The legacy left behind by this team has been cemented in LFHS football history forever. Once again, Andrew Freeman explains it as only a member of that team can.
“It’s kind of something that’s hard to put into words. Football, and this program especially, had meant so much to all us. To be able to put 8,000 people up in those stands was something truly special to experience.”
The season was special not only for the players, but for Lake Forest. The 8,000 students, faculty, community members, and football fans that gathered to watch the game against Cary-Grove was not only a fight for a state championship, but a unifying event of Lake Forest. Parents, siblings, alumni, high schoolers, middle schoolers and so many other people came together to watch the Scouts try to redefine Lake Forest High School history. Andrew’s little brother Will Freeman, a starting strong safety on this year’s Scouts team, was a mere 6th grader in 2012. Remembering each detail, he gave more insight into the impact of his brother’s team by saying, “I was always really excited to go to their games, and I definitely looked up to a lot of the guys as role models. It really prepared me and made me eager for my chance to play high school football.” The landscape and expectations of the high school football program changed after the 2012 team’s unmatched success and the Scouts and head coach Chuck Spagnoli haven’t looked back.
The Lake Forest Football program now trains year-round and the majority of the program has remained extremely focused on the team aspect of football ever since. The 2012 team might not have been the biggest, strongest, fastest or most talented team in the history of the high school, but they very distinctly embodied everything a team should be. Most of the guys on that team just graduated college and are starting their careers in the world. Though they may not all remain close, the common thread of their success and the “brotherhood” element of football at LFHS is something sacred that will never be broken. Freeman emotionally describes a scene from the season which demonstrates those inherent values of the season, “The most telling moment for me was at halftime during our first playoff game against Rolling Meadows. We were down 21-7 and it wasn’t looking great, it likely could have been our final game. In that moment, I realized that I didn’t see the fear in just my fellow seniors eyes, but everyone on the team. None of us wanted it to be over, we couldn’t accept it.”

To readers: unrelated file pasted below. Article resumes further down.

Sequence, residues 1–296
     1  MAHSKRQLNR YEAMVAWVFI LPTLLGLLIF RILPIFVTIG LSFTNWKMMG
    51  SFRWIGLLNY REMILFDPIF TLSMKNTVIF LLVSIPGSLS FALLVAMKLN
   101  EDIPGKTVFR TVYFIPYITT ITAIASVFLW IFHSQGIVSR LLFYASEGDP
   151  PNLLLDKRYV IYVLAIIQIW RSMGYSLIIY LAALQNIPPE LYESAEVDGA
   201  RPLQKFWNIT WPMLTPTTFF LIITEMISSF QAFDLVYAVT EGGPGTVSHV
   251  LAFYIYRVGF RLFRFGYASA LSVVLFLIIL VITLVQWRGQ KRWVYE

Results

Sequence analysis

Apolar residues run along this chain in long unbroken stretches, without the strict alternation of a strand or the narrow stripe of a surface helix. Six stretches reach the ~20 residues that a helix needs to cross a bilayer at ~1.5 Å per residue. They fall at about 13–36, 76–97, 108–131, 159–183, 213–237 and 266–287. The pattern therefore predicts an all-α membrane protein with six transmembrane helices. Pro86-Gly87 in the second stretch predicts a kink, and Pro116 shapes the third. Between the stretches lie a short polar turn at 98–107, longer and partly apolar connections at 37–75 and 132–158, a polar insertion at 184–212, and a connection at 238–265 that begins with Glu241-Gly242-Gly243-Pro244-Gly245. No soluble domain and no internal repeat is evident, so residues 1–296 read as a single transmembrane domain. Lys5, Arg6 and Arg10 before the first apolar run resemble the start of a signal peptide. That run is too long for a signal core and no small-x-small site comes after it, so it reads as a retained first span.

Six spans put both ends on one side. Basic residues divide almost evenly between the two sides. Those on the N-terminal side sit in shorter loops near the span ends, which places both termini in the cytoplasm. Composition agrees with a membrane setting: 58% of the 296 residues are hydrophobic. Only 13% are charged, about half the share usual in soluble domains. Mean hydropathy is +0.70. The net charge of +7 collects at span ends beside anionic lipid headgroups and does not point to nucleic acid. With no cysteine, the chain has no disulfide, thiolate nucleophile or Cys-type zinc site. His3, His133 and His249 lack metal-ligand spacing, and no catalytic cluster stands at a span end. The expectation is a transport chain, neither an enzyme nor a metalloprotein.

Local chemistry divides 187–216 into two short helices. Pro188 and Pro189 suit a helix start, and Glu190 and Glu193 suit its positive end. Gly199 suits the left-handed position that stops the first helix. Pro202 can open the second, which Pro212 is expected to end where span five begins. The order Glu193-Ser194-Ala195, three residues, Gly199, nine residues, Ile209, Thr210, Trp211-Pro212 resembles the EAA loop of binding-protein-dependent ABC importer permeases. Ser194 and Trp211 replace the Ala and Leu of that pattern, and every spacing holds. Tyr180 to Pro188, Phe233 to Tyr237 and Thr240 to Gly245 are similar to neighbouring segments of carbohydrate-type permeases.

The rich tradition of brotherhood and legacy have pushed many Lake Forest teams to be better than they ever thought they had the potential to be. To this day, the 2012 football team is one of three football teams in the high school’s history on the Wall of Fame outside of the Competition Gym. Their legacy will never be forgotten. It carries on in the seniors on this year’s team, who took the thrill and excitement from West Campus as middle schoolers and made it their mission to continue the tradition of Scout Pride.